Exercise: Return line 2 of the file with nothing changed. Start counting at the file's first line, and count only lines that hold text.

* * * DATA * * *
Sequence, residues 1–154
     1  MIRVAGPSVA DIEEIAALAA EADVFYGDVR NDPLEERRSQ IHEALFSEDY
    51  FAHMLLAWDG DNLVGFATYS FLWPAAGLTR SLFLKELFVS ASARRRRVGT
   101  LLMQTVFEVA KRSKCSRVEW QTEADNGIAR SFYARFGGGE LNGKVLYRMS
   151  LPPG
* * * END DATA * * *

     1  MIRVAGPSVA DIEEIAALAA EADVFYGDVR NDPLEERRSQ IHEALFSEDY